Following Israeli deployment, U.S., European allies map out larger role for F-35 fighter

Norway, Britain and Italy will have 40 F-35s by the end of 2018, with the first U.S. jets in 2021; ...
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Bernie Sanders, Alexandria Ocasio-Cortez Bring A Joint Progressive Push To Kansas

KANSAS CITY, Kan. -- Sen. Bernie Sanders (I-Vt.) and Democratic U.S. House
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1 demonstrator killed as thousands protest against corruption in Iraq

Death occurs during demonstration outside office of a paramilitary group in Basra ...
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Man arrested after knife attack on German bus

A man armed with a knife attacked people on a bus in the northern city of Luebeck on Friday, injuring ...
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Players, officials hail lacrosse world championship as big victory for Israel

The quadrennial tournament is being held in the Holy Land for the first time ever, and teams say their initial ...
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Judo competitions cancelled over treatment of Israel

Judo Federation suspends competitions in Tunisia and UAE after hosts fail to confirm that Israelis would receive equal treatment.

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Campaigning wraps up for critical Turkey vote

Supporters listen to Turkish Prime Minister and Justice and Development (AK) party leader during an election campaign rally in Ankara on October 31, 2015Opinion polls are predicting a replay Sunday of the shock June election which stripped the Justice and Development Party (AKP) of its majority after 13 years of single-party rule, leaving the country without a government after coalition talks failed. Turkey goes into the election more polarised than ever on ethnic and sectarian lines, and deeply on edge after the Ankara bombings blamed on Islamic State jihadists that killed 102 people, the worst in the country’s modern history. The AKP of President Recep Tayyip Erdogan is tipped to win between 40 and 43 percent of the vote, paving the way either for a shaky coalition that many analysts say will not last long — or yet another election.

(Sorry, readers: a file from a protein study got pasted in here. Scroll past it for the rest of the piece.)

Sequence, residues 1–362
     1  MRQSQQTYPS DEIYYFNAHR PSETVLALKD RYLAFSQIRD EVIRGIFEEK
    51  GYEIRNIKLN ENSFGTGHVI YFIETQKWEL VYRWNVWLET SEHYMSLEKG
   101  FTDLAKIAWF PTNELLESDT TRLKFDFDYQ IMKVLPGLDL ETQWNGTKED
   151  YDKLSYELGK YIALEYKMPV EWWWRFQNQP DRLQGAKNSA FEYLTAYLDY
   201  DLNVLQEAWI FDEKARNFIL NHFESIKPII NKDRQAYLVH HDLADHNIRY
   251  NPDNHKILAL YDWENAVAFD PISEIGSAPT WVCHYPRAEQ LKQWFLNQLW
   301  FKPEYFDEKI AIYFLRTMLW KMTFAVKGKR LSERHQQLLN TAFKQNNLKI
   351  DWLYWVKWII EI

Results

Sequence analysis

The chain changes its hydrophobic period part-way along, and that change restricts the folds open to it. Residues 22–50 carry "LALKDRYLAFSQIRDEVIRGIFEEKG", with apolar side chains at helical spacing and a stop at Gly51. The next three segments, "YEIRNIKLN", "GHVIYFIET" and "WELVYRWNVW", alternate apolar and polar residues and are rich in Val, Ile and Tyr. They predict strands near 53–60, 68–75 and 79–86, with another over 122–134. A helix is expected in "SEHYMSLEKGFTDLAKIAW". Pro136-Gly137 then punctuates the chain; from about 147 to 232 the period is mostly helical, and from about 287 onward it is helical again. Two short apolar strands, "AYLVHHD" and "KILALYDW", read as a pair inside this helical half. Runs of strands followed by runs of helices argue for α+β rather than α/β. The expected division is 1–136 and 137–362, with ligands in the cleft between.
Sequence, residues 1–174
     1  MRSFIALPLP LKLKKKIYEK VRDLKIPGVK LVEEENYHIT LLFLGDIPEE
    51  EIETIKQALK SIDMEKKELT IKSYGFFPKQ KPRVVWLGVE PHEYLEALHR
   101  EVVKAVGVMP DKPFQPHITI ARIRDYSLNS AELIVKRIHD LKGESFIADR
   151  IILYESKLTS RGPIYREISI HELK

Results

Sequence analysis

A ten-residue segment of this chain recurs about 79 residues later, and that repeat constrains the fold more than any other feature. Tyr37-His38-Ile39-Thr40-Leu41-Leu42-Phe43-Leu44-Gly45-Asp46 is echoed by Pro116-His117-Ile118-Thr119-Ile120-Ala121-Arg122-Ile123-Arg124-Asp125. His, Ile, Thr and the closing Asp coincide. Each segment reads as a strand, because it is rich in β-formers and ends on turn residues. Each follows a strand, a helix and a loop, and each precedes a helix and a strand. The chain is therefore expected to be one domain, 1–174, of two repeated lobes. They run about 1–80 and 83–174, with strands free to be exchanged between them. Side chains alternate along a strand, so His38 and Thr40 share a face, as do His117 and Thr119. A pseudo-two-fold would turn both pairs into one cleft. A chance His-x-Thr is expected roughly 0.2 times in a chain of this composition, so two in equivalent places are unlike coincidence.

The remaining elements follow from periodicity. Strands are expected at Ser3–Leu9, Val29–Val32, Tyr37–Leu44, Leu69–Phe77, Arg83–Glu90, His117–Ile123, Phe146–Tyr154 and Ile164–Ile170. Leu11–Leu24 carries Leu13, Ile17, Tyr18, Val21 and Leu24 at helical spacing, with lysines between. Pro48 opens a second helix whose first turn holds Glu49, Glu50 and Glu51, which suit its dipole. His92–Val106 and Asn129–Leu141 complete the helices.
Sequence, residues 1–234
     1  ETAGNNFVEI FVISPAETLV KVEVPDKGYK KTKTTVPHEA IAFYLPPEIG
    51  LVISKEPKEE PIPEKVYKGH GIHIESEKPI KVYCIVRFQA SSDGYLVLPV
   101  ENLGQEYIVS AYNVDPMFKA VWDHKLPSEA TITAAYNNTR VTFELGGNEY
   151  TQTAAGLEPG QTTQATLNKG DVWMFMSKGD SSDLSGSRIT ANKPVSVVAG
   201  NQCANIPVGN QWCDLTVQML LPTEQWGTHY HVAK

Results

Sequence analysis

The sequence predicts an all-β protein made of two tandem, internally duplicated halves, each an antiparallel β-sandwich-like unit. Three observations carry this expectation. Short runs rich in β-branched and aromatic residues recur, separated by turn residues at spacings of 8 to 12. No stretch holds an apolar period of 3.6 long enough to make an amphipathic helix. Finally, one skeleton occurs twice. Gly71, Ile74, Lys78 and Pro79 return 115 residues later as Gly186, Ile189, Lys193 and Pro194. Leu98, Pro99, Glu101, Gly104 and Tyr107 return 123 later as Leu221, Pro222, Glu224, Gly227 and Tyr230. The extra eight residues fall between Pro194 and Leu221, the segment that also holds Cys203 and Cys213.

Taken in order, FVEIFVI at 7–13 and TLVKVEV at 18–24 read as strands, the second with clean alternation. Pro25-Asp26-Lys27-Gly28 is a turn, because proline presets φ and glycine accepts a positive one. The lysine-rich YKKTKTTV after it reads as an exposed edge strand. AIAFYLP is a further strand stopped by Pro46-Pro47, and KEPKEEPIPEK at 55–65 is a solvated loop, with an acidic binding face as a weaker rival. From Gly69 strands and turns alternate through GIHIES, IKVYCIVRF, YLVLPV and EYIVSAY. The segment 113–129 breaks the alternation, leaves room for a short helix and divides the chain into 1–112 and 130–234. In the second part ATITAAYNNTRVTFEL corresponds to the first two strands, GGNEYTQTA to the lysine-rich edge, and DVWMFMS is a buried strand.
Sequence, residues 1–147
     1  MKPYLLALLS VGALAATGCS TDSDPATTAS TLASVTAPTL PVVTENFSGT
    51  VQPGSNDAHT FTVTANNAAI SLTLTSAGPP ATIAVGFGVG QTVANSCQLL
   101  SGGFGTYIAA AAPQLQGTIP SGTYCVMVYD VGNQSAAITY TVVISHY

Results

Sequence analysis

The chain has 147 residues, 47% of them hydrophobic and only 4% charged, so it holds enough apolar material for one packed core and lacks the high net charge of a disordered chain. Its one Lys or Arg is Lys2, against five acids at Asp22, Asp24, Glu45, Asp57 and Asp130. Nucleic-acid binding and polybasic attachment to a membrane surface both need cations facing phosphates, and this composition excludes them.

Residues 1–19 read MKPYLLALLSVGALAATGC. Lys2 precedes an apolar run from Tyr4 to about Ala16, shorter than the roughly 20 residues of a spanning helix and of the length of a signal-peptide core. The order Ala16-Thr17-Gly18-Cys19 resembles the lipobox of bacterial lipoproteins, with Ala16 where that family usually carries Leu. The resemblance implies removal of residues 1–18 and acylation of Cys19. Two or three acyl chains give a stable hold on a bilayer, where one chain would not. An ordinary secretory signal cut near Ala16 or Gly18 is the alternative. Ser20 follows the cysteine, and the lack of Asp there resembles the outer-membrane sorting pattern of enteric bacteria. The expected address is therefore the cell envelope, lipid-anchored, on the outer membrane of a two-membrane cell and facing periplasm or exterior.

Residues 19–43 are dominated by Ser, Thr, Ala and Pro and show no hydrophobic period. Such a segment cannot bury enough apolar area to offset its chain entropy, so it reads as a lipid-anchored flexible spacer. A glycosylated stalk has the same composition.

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Ex-U.N. refugee agency chief urges Japan to do more to help

Sadako Ogata, former U.N. High Commissioner for Refugees, speaks during an interview in TokyoBy Linda Sieg and Ami Miyazaki TOKYO (Reuters) – Japan, which accepted less than a dozen asylum seekers last year, should show more leadership on refugees and craft an immigration policy given its need for foreign workers, a former U.N. High Commissioner for Refugees said on Thursday. Sadako Ogata, 88, whose great-grandfather, then-premier Tsuyoshi Inukai, was assassinated by radical naval officers in 1932, also said that while Japan’s military had a global role to play, it should not be one that involved fighting overseas. Japan announced last month it would provide some $1.6 billion to assist Syrians and Iraqis displaced by conflict and for building peace across the Middle East and Africa.

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Special forces in Syria don't mean USA entering civil war: Kerry

By Matt Spetalnick BISHKEK (Reuters) – A decision by U.S. President Barack Obama to send special forces to Syria is strictly focused on fighting Islamic State insurgents and does not signify the United States is entering the civil war there, U.S. Secretary of State John Kerry said. “President Obama has made a very strong and forceful and simple decision entirely in keeping with his originally stated policy that we must defeat and destroy Daesh,” Kerry said, using the Arabic term for Islamic State. “It is not a decision to enter into Syria’s civil war.

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